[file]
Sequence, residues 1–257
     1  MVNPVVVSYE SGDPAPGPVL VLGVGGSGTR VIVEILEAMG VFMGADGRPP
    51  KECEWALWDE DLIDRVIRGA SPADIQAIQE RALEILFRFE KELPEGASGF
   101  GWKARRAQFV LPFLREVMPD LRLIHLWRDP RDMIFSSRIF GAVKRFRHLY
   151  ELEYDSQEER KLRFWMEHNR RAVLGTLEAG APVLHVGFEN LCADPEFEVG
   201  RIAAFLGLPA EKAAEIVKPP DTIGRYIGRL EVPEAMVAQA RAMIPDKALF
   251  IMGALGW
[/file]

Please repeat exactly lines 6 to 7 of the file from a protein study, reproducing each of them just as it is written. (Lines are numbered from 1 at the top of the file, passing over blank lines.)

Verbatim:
   201  RIAAFLGLPA EKAAEIVKPP DTIGRYIGRL EVPEAMVAQA RAMIPDKALF
   251  IMGALGW